Anu Põder’s work ‘Tongues (Activation Version)’ was acquired by the Tate Museum
An art installation by the late Anu Põder entitled ‘Tongues (Activation Version)’ (1998) was acquired by the Tate Collection in the United Kingdom along with the original molds and reproduction rights. ‘Tongues’ is the first artwork by an Estonian artist to be acquired by the Tate collection. Purchasing the work was the culmination of the Tate Modern curators’ systematic research, which started by mapping postwar Estonian art along with curators’ meetings with artists and art historians in Estonia over the past several years.
In July 2018, the Estonian Contemporary Art Development Center (ECADC) in cooperation with philanthropist initiative Outset Estonia hosted a delegation of curators and Tate Modern’s Eastern Europe Acquisitions Committee. At an annual meeting in London in 2019, based on the recommendations of the museum’s curators, the committee decided to acquire Anu Põder’s work for their collection. As a general rule, acquisitions are publicly announced once a work has physically been handed over to the collection. Tate acquired the edition of ‘Tongues’ exhibited at the Baltic Triennial 13 in Vilnius, Lithuania in 2018, the original molds, and the right to reproduce the work. The sculpture is made out of soap in different shades of pink accompanied by a tin bowl with water. One version of the work made by the artist in 1998 belongs to the Art Museum of Estonia (EKM). Throughout the course of the whole process, Tate’s curators communicated with representatives of Anu Põder’s estate.
Karin Laansoo from the Estonian Contemporary Art Development Center, who was present during the vote of the purchasing committee, said that the pleasure of the team of curators at the Tate Modern on acquiring the work for their collection was very clear. The inclusion of Põder’s work at the Liverpool Biennale almost immediately after it arrived in the museum’s collection is quite rare and demonstrates what an important gap the artist’s original approach fills in the international art world.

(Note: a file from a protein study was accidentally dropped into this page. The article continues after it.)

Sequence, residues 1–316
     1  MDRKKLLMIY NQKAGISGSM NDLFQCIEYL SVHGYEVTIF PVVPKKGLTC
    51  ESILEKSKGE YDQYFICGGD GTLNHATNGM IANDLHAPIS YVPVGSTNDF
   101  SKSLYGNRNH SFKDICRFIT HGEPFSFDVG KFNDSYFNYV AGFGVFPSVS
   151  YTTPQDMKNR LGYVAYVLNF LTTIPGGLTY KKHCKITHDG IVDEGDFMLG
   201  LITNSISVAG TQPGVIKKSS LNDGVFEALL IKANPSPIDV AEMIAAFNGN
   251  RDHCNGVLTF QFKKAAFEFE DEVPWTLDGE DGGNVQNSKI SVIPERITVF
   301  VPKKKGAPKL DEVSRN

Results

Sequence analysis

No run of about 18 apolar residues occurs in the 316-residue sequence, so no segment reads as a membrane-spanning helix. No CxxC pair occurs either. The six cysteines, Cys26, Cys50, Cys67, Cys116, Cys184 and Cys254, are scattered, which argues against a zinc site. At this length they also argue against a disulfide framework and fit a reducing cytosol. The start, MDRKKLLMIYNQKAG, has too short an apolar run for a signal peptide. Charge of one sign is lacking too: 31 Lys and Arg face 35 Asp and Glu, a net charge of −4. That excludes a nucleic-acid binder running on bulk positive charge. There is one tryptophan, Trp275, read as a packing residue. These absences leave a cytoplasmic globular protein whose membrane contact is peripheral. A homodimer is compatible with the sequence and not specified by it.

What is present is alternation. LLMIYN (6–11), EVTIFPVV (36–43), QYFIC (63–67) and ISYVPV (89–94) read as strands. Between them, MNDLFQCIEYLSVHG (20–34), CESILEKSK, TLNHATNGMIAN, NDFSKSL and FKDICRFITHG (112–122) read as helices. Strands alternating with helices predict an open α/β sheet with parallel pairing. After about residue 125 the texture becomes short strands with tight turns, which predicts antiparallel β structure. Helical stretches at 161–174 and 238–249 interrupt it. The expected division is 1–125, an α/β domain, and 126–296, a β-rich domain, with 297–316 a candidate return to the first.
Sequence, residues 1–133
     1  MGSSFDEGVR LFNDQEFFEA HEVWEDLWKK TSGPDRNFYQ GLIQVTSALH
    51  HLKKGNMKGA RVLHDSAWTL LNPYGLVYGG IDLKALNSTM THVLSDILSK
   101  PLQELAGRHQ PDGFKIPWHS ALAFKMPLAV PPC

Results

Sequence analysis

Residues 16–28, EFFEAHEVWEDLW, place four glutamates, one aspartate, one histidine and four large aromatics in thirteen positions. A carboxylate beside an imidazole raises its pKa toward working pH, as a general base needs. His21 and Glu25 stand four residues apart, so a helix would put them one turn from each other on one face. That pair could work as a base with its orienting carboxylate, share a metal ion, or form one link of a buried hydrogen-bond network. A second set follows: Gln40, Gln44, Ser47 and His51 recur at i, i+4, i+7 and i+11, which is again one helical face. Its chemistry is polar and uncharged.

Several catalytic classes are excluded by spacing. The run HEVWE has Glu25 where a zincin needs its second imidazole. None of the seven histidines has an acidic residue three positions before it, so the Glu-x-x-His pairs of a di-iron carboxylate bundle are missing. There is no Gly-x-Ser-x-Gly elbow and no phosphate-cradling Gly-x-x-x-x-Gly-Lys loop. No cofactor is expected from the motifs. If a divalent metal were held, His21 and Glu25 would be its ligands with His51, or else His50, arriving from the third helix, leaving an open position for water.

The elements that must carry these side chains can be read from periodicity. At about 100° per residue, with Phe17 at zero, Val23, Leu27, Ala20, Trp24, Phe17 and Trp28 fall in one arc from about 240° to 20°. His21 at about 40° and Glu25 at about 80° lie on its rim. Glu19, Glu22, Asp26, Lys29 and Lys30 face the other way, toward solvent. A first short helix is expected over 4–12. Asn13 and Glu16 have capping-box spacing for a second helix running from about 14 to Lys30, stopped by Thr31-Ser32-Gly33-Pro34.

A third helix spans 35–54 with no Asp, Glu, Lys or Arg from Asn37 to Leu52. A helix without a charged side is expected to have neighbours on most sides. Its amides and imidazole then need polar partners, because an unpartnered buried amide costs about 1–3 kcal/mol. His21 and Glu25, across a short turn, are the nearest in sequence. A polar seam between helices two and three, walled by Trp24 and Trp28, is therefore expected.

Anu Põder (1947-2013) was an Estonian sculptor and installation artist whose work has become increasingly visible in the international art world over the past five years. Põder mainly used textiles, wax, plaster, soap, glue, plastic and wood in her work. She began actively participating in exhibitions in the late 1970’s. Contrary to the general trend of bronze sculpting in the late Soviet era, Anu Põder experimented with the changing physical and cultural meanings of ephemeral materials. Her work is based primarily on the artist’s own life and both material and mental changes brought about by family life, the everyday life of the Soviet era, and rapid changes in re-independent Estonia.
Recent exhibitions of Põder’s work include a large retrospective exhibition ‘Anu Põder. Be Fragile! Be Brave!’ curated by Rebeka Põldsam at the Kumu Art Museum in Tallinn in 2017, and an updated version of the same exhibition at the Pori Art Museum in Finland in 2019. In the summer of 2019, Anu Põder’s exhibition ‘Space For My Body’ was held at La Galerie Noisy-Le-Sec in Paris. Her work has been shown in group exhibitions in Vilnius, Berlin, Moscow, and Vienna. ‘Tongues (Activation Version)’, now part of Tate’s collection, will be on display as part of the Liverpool Biennale in summer 2021 at the Tate Liverpool Museum.
Anu Põder ‘Tongues’ (1998, 2018), installation view from the Baltic Triennial 13. GIVE UP THE GHOST exhibition at the Contemporary Art Centre, Vilnius (CAC). Photo: Andrej Vasilenko